- File Size: 1284 KB
- Print Length: 352 pages
- Publisher: e-artnow; 3 edition (July 24, 2015)
- Publication Date: July 24, 2015
- Sold by: Amazon Digital Services LLC
- Language: Spanish
- ASIN: B012O4R3I6
- Word Wise: Not Enabled
- Lending: Not Enabled
- Amazon Best Sellers Rank: #760,147 Paid in Kindle Store (See Top 100 Paid in Kindle Store)
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Frankenstein: Clásicos de la literatura (Spanish Edition) Kindle Edition
"Children of Blood and Bone"
Tomi Adeyemi conjures a stunning world of dark magic and danger in her West African-inspired fantasy debut. Learn more
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The basic plot remained intact when transferred to other media. Swiss medical student Victor Frankenstein discovers the secret of life (which he never reveals, lest someone repeat the mistake). He then puts together a body, essentially a man, from various corpses. He then becomes horrified by the creature he has built, and abandons. The creature, suffering a great deal of neglect and abuse, still manages to get a thorough education, and learns of his lineage. After murdering Victor's younger brother, and framing the family maid, the creature tells his (admittedly) sad tale to his "father", and then demands a mate. Victor, in a panic, agrees, then thinks better of it at the last moment, destroying the new bride. In retaliation, the creature murders all of Victor's loved ones (including his wife), and leads Victor on a merry chase across the world.
Most probably know that Mary Shelley wrote this book in response to a challenge issued by Lord Byron, during a vacation at Lake Geneva. (Along with this story came John Polidori's "The Vampyre", the first English vampire novel.) Most probably also know that Shelley went on to write other works of imaginative gothic fiction. Still, her modern reputation rests with this book.
As stated, numerous archetypes (themes, plot lines, characters) are present here. The basic fear of what evil technology may bring along with the good is a central theme, as is the warning against playing God. So is the implicit admonition to be responsible in all things, be it during innovation or being a parent. The creature is, for all intents and purposes, an android-everyone from Gort to C-3PO owe their existence to the Frankenstein monster. And the monster that slays all but one protagonist is a staple of horror, be it traditional monster movies, like "Alien", or more realistic slasher movies like "Halloween".
But, as I noted at the beginning of this review, certain of these elements have been lost in most interpretations. The creature is actually intelligent, and well-spoken, quite different from the inarticulate grunts or slow, half-sentences of the movies. Further, while the films have made lightening a staple of the creatures creation, Shelley never really explains the process. Finally, one of the staples of the films is the explanation for the creatures "evil" nature. Often, the problem lies with the brain used, which almost invariably is a criminal brain, or is damaged before implantation. In the book, the creature is really a child that's horribly neglected, but with the strength and intelligence to strike back: id without superego, and without restraints.
Thus, "Frankenstein" will be a new experience for readers who know the source exclusively from the films. Unlike "Dracula", there aren't any moments where a reader might look up and suddenly realize how quiet it is in the house, or how dark it's gotten outside. In that regard, "Frankenstein" has not aged particularly well. Throughout, however, it is a moving, disturbing, depressing, but also a touching and beautiful tale. Those qualities have withstood the test of time. While it is not always a rollicking adventure, it is a rewarding read.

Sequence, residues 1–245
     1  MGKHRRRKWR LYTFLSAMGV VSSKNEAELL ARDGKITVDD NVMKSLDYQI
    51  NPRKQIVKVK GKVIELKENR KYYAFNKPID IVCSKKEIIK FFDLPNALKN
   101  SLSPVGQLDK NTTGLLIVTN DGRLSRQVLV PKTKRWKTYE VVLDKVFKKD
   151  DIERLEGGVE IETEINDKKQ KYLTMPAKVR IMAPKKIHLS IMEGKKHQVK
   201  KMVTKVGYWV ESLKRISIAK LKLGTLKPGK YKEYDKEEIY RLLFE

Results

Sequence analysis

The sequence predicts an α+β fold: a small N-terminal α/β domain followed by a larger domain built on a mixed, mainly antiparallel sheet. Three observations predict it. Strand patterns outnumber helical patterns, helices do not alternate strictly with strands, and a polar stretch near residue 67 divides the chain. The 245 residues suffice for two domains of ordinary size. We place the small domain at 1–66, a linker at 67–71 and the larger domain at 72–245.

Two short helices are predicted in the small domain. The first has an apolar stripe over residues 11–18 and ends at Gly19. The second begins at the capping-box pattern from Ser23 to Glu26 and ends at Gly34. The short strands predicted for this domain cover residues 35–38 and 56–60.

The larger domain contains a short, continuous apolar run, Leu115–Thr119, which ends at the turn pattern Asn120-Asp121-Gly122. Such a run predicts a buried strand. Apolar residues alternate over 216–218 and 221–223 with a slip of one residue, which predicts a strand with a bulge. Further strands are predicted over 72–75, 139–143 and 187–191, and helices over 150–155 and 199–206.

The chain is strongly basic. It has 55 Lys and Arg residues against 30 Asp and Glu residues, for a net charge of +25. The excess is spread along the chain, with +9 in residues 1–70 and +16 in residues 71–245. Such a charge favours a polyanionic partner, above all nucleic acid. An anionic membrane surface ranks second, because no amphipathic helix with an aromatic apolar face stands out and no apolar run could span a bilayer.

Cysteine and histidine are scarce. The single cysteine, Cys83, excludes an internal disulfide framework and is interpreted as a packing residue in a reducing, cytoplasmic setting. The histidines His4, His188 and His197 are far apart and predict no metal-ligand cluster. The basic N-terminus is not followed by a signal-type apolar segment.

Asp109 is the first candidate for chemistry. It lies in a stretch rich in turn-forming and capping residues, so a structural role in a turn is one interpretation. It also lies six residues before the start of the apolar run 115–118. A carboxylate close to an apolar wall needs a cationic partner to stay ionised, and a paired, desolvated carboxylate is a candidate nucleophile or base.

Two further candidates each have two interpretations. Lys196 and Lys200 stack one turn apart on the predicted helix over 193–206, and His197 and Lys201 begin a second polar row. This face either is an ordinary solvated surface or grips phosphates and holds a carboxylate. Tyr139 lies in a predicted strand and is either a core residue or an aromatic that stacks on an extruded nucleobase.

While Mary Shelly might have been stylistically weak, her story was not. Nothing like it had been written before, and the concept of a student endowing life upon a humanoid creature cobbled together from charnel house parts was unexpectedly shocking to the reading public. But even more shocking were the ideas that Shelly brought to the story. Having created this thing in his own image, what--if anything--does the creator owe it? And in posing this question, Shelly very deliberately raises her novel to an even more complex level: this is not merely the conflict of man and his creation, but also a questioning of God and his responsibility toward his creation.
In some respects, the book is written like the famous philosophical "dialogues" of the ancient world: a counterpoint of questions and arguments that do battle for the reader's acceptance. More than anything else, FRANKENSTEIN is a novel of ethics and of ideas about ideas, with Mary Shelly's themes arrayed in multiple layers throughout: God, self, society, science; responsibility to self, to society, to the things we bring to society, to the truth; life, integrity, and death--these are the ideas and issues that predominate the book, and any one expecting a horror novel pure and simple is out of luck.
Mary Shelly is a rare example of a writer whose ideas clearly outstrip her literary skill--but whose ideas are so powerful that they transcend her literary limitations and continue to resonate today. And indeed, as science continues to advance, it could not be otherwise so. Mary Shelly could not see into the future of DNA research, laboratory-grown tissues, test-tube babies and the like--but between 1816 and 1818 she wrote a book about the ethical dilemmas that swirl around them. And for all its flaws, FRANKENSTEIN is perhaps even more relevant today than it was over a hundred and fifty years ago.
GFT, Amazon Reviewer
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Horror follows when all hope is lost.